Accessibility for Media

Accessibility for Media, Images, PDF's and Other Files

All files that are uploaded to the website need to be ADA Accessible. If at any time you aren't sure and/or would like help making sure your file is accessible, contact Lori Brenden,


Movies & Audio

Both hearing impaired and limited English proficiency website visitors can benefit from including captions with audio and video media on websites. The easiest way to include captions with your videos is by hosting the videos on YouTube, which provides easy to use captioning tools. Another option is to contact Media Services and have them assist you with your video and getting it captioned. Unfortunately, at this time we discourage the use of any other video hosting solutions, as support for captioning can be limited.

For audio files, you should include a link to the audio transcribed as a text document.

PDF's, Docs, Etc.

All files need to be ADA accessible, if you are uploading any files be sure to check if it's is accessible and have Lori Brenden check it if you aren't sure. We will be adding detailed information about document accessibility later in Fall term 2018.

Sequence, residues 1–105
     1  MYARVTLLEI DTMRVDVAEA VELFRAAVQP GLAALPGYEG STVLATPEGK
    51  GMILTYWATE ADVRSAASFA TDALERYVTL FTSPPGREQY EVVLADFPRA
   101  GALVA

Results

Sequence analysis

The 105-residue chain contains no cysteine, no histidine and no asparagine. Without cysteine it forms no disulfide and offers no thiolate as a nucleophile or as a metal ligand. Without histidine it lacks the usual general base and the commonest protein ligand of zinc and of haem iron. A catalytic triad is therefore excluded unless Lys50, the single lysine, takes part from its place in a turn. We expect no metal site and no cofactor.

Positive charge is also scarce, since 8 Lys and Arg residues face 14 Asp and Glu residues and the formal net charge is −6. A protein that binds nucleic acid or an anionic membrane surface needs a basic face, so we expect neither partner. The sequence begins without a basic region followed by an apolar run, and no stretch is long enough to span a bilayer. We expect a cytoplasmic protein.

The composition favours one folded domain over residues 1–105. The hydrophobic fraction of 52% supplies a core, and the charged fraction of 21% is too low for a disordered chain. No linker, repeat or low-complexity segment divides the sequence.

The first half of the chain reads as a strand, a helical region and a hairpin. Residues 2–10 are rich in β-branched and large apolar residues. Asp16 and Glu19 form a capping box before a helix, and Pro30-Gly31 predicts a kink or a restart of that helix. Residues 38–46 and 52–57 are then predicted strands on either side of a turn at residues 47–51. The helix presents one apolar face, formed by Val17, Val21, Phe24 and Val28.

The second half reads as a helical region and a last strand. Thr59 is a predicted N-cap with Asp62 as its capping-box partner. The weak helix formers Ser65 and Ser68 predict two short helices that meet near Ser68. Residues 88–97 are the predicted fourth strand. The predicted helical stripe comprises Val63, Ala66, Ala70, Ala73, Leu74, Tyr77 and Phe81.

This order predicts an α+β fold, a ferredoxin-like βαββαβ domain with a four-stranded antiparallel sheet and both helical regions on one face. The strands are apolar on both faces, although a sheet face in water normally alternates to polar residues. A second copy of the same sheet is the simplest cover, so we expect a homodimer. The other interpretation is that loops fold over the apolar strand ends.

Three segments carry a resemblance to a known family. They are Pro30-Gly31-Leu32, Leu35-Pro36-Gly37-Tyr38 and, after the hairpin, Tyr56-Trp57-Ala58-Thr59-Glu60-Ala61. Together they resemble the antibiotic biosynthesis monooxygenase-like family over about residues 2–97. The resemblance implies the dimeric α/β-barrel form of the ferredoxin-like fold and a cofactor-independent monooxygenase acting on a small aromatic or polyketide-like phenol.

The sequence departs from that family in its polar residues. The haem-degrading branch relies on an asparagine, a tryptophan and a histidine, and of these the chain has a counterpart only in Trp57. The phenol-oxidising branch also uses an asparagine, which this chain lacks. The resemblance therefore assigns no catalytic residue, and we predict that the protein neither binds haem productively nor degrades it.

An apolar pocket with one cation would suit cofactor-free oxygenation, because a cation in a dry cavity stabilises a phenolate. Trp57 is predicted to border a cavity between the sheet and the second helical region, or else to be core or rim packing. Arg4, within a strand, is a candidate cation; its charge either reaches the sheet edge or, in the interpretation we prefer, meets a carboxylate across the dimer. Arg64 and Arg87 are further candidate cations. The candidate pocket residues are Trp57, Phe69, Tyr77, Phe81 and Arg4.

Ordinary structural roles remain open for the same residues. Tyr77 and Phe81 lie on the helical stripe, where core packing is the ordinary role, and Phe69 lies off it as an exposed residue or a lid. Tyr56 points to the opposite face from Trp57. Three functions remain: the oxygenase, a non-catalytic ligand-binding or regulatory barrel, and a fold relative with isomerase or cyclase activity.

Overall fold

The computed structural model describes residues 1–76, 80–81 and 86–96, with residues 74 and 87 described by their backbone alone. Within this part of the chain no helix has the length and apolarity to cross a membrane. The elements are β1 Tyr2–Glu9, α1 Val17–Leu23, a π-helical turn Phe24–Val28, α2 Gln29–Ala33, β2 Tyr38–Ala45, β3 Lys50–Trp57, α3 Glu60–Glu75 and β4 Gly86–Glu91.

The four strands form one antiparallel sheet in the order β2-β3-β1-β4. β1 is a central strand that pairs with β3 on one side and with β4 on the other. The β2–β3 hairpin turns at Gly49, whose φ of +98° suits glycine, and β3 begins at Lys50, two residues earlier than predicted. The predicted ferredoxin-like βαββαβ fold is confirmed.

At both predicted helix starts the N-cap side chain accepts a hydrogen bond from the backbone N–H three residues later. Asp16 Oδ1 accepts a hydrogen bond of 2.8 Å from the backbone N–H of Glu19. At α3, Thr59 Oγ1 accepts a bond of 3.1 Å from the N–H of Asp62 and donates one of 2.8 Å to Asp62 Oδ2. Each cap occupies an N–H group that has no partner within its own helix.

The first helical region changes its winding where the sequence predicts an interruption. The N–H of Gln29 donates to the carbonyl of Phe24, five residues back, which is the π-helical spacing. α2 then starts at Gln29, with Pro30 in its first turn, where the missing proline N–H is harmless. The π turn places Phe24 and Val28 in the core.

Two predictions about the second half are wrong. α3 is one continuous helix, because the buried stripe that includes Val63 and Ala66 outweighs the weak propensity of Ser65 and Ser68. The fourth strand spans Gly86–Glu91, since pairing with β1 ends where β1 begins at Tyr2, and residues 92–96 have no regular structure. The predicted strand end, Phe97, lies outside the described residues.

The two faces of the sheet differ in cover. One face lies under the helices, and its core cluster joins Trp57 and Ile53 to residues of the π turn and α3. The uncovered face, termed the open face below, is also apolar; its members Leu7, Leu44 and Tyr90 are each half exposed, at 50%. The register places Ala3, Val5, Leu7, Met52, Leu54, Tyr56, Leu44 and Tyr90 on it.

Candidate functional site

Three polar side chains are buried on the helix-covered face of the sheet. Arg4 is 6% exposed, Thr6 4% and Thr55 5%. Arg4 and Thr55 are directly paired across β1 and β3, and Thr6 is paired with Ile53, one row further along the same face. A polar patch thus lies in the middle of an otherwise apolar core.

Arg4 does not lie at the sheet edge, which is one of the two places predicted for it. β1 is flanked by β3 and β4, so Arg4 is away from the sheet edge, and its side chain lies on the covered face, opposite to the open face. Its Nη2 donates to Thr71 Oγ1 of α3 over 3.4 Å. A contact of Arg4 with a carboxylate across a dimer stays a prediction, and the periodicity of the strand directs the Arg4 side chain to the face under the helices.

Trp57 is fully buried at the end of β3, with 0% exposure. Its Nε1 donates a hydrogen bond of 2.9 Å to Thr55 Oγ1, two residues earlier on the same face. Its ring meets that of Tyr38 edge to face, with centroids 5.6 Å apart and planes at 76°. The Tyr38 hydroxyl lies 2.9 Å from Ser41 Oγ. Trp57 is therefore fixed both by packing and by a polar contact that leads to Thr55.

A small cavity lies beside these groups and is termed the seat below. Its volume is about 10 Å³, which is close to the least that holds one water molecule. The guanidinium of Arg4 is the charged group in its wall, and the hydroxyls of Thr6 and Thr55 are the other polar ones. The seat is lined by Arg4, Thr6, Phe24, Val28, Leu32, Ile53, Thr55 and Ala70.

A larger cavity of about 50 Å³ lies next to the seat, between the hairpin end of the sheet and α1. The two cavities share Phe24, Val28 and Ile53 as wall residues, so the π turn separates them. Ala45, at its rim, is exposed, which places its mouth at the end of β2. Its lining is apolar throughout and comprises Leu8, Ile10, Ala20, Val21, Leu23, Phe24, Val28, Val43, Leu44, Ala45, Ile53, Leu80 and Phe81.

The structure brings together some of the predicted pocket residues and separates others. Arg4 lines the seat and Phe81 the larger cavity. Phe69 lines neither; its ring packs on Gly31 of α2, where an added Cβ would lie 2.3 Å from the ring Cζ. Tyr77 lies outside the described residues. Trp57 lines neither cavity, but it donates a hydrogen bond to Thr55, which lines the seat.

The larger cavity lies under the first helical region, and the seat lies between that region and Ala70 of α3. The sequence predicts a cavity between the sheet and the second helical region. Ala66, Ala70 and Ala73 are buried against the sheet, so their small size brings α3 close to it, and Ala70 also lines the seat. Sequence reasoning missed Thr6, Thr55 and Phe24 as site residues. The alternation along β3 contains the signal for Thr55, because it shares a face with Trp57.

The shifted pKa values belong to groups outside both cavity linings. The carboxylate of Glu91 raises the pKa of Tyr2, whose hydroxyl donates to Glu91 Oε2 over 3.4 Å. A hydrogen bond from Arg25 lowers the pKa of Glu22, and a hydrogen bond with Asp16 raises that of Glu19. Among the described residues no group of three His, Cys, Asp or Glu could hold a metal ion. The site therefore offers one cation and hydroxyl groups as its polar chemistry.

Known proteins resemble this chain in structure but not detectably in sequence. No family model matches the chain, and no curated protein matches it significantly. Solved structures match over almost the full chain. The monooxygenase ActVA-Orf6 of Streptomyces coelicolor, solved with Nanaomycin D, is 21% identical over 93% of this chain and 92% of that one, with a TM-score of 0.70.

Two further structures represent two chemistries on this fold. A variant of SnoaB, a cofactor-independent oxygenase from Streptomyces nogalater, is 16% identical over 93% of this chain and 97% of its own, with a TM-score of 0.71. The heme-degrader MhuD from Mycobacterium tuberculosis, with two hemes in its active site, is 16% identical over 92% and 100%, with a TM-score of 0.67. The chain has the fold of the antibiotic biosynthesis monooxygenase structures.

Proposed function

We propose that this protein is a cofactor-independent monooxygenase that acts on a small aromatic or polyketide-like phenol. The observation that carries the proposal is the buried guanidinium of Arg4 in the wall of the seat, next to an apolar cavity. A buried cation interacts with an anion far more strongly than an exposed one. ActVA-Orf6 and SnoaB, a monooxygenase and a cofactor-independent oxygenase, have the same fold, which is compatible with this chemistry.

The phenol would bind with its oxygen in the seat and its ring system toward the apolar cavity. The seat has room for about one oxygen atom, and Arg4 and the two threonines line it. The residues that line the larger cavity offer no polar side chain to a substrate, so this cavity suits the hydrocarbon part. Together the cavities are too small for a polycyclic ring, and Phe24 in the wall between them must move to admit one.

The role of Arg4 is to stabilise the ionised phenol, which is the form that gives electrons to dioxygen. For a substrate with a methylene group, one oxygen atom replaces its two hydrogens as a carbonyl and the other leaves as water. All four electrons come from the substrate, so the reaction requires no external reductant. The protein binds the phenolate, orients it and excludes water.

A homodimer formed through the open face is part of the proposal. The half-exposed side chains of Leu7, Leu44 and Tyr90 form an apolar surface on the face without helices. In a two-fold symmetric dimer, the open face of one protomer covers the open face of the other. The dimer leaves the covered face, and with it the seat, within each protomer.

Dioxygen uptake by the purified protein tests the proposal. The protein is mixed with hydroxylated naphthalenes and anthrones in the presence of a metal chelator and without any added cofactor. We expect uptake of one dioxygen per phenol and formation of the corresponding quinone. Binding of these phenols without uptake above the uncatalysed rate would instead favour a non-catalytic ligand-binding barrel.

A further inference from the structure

Never use an image in place of text. If your image has text included, that text has to be included in the page as text.

Pictures should always include an "alt" tag, which provides a description of what's happening in the picture. These tags are often read by screen readers to help seeing impaired people understand what's in the picture. Additionally, if a picture cannot be found, the alt text will be shown in its place.

Do not simply replicate the body text or image caption as your image alt tag. If your text says "To the right you'll find a picture of our 123 team", and then your alt tag is "image of 123 team", and your caption is "The 123 Team", you've done nothing but make a screen reader read the same text three times. In that circumstance, it'd be appropriate to set the alt tag as "", meaning that the caption or body text provides sufficient description. Alternatively, you could use an alt tag like "The team, showing Ty at the left, giving bunny ears to Mary, on the right", which would provide a description that isn't in the caption or body text.

Pictures without proper alt tags may be subject to removal.

Also see Image Use for further information about images on the Lane website.

If you have any questions or would like assistance, contact Lori Brenden,